Surviving a Cold Snap!

The Northwest cold snap is about to end! It was a bit harsh…The lake near our house stayed
frozen for about two weeks lessening the available open water for the ducks
and geese who live on it, driving was a bit more treacherous than usual, and
I’m sure that a few of my plants will not be around come Spring. Such is the Nature
of Life. 

Judging by the service calls we received during the extreme temperature change, a few Ductless Heat Pumps reacted a bit differently that normal. There are a couple reasons for that. One, the
ductless heat pumps, and we, simply need time to adjust to the sudden demands
brought on by unusual temperatures for our region. The DHPs are calibrated, if
you will, for our temperate climate and the ‘effective zone’ that you’re
heating. A sudden drop in temperature may make them react in a way that you don’t expect. The DHP may need to work harder than normal; or need assistance from the backup system. If you have a backup heating system, set its thermostat at a
temperature below the ductless heat pump’s thermostat setting. Then if
backup heating is required, the existing heating system will automatically come
on to keep your house from getting too cold. With severe temperature changes,
like the ones we just experienced, you also may need to reduce the size of
the ‘effective zone’ by closing doors to unused portions of the house. But
these are temporary steps only.

 Another reason for a ductless heat pump to respond differently than normal during times of severe weather changes may be due to a condition that I call
‘Out-of-sight, Out-of-mind’. When the ductless heat pump behaves as it should
during all of the months of temperate weather, the homeowners (that includes us)
simply forget to do the regular maintenance steps that we recommend in our ‘Top
Ten Things to Know’
homeowner education sheet offered at the completion of the
install. Consider that the ductless heat pump regularly takes in air from the
outdoors to operate effectively. Keeping the coils of the indoor unit clean,
and the outdoor unit free of debris is key to keeping your ductless heat pump
‘healthy’ and able to respond under adverse conditions. In this case, if your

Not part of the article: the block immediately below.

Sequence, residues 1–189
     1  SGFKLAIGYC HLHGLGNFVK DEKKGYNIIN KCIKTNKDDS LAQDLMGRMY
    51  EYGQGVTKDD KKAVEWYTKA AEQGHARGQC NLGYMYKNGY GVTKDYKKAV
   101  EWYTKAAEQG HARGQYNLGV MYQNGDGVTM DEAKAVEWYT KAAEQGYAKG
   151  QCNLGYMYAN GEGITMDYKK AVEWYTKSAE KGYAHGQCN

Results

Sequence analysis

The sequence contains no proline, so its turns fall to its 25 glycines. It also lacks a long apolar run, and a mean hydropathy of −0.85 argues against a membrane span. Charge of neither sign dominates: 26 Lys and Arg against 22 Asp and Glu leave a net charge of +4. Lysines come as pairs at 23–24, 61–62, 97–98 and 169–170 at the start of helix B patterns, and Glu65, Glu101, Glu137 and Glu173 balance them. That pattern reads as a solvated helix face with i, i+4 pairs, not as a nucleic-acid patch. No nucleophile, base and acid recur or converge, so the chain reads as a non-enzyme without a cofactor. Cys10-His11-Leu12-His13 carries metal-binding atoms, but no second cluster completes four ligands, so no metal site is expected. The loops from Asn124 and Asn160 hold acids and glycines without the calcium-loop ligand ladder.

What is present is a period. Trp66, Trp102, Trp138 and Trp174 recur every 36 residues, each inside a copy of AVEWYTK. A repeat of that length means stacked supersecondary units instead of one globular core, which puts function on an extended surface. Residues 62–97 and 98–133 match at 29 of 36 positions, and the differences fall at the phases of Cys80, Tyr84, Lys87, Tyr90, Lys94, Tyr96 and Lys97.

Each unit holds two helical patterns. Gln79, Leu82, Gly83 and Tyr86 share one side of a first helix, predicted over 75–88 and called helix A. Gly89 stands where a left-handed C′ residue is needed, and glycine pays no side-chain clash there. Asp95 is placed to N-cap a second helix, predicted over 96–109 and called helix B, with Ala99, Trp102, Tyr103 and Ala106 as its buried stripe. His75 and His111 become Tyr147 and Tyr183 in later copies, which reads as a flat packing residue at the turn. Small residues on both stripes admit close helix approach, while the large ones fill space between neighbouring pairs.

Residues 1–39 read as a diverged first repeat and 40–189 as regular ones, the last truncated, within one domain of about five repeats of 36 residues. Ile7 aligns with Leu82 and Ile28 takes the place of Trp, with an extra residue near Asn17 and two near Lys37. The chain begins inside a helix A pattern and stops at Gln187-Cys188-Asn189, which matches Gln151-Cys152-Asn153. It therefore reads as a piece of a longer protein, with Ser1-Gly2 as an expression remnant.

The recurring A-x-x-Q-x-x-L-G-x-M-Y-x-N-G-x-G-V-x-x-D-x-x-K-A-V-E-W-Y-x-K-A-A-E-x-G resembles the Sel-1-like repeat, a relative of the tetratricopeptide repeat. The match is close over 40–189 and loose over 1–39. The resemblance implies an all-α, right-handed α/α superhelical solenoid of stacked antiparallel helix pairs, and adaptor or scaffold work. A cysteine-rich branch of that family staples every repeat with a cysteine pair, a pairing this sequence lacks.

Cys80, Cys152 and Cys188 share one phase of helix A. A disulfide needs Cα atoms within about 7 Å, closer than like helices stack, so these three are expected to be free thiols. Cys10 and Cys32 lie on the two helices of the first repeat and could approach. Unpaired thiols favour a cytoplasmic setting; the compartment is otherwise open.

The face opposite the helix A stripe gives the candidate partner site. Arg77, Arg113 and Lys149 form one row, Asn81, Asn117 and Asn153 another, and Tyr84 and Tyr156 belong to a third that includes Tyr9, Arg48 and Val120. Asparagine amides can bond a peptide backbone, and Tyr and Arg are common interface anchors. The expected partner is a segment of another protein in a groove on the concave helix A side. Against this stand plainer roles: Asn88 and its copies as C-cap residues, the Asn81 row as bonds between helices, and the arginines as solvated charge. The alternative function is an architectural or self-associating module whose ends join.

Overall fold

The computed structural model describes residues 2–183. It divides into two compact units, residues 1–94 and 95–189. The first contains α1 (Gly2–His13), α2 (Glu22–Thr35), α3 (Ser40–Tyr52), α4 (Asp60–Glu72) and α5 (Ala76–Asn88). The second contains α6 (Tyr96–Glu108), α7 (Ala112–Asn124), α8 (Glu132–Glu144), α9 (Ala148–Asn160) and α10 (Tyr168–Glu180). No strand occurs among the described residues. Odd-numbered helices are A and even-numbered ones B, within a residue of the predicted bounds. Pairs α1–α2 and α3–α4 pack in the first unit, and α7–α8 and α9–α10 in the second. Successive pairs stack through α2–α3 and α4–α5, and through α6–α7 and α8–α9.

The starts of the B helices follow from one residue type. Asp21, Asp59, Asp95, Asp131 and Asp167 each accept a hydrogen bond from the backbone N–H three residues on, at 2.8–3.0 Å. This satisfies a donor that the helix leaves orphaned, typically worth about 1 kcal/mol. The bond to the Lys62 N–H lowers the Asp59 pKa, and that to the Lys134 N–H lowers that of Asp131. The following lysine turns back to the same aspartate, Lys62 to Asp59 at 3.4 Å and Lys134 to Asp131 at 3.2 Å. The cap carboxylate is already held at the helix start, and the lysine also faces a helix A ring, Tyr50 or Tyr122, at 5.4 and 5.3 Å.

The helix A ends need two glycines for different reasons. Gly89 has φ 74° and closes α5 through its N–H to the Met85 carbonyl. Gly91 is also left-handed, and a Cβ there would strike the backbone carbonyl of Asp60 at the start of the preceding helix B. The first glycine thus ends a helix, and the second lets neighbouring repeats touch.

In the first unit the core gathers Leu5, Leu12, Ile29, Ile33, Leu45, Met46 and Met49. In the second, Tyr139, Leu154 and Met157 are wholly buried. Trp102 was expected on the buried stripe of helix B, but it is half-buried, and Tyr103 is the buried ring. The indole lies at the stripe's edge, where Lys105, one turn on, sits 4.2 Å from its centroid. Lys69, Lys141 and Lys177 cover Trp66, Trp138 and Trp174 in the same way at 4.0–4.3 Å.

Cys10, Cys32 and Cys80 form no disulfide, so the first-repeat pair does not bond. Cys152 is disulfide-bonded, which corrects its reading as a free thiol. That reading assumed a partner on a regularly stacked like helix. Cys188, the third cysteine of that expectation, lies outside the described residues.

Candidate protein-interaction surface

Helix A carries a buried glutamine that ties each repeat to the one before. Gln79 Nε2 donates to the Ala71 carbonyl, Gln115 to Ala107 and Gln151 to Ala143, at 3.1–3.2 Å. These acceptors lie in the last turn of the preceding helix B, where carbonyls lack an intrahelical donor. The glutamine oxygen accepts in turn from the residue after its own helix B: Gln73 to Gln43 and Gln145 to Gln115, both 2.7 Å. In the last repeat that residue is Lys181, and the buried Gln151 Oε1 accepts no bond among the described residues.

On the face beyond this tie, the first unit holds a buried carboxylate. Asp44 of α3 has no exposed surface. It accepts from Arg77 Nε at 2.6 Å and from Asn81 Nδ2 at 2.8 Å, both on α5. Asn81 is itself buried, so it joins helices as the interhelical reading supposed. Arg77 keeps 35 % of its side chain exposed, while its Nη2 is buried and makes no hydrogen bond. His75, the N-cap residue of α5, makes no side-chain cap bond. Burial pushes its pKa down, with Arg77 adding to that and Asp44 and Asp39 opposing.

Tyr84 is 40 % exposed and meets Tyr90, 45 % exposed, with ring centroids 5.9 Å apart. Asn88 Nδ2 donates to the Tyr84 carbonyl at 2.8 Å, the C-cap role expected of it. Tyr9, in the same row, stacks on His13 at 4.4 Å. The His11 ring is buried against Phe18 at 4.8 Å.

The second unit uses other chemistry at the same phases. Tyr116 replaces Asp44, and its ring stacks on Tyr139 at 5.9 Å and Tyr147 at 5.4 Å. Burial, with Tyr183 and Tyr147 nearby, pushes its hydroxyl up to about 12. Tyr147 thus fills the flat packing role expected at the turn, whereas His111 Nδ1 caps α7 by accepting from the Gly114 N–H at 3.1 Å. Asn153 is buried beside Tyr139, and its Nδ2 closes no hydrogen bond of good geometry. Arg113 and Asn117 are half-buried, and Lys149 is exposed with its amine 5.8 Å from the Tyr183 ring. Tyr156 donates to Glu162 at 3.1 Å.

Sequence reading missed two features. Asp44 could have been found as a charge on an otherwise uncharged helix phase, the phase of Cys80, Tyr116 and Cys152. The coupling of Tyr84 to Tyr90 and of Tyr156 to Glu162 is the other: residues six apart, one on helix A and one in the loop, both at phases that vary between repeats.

ductless heat pump cannot get air, it cannot produce the heat you need.
Remember, if your filters are dirty and the outside unit cannot get adequate
air, turning up the remote or thermostat will not result in increased indoor temperatures. Cleaning
is easy. 

Remember that these seasonal and severe weather adjustments
are normal. It is helpful to review the materials that were left by your
installer and refer to the troubleshooting guide in ‘Top Ten Things to Know’ to
see if you can avoid a service call. We don’t mind coming to check things out,
but to save you a bit of time, and anxiety, refer to the guide first. In case you misplaced our folder of information,
here it is in abbreviated form:

Top Ten Things to Know

  1. Read the manual
  2. Set the mode of operation (make sure it’s in
    HEAT setting, until summer, of course)
  3. Use AUTO for fan speed only
  4. Set the temperature (do not use Auto)
  5. Avoid adjusting the temperature setting-Ductless
    heat pumps adjust to changing conditions automatically.
  6. Clean the filters regularly-cannot say this
  7. Live in the zone-If you do not need to heat a
    room in your house, close the door to that room. Conversely, leave it open if
    you need to heat it.
  8. Let the heat pump work-Use it as your primary
    system, UNLESS you need to allow the backup to operate in severe conditions
    (see second paragraph above)
  9. Understand the defrost function-This is an
    automatic, and necessary function of a Ductless heat pump. It only lasts up to
    15 minutes.
  10. Get
    used to the sounds and smells of your heat pump. Although your Ductless heat
    pump is very quiet, you might hear the following normal sounds:
  • Whirring, clicking, the sound of ‘rushing fluid’
    and a sudden ‘whoosh’ sound of the compressor turning off. The outdoor unit
    will make a sort of vibrating hum while on, too.
  • Sometimes, a new smell might occur, particularly
    when the indoor unit begins to produce AC after having the winter off.

 Remember, we’ll always be here to help you. That’s who we
are…Customer first, Customer always.

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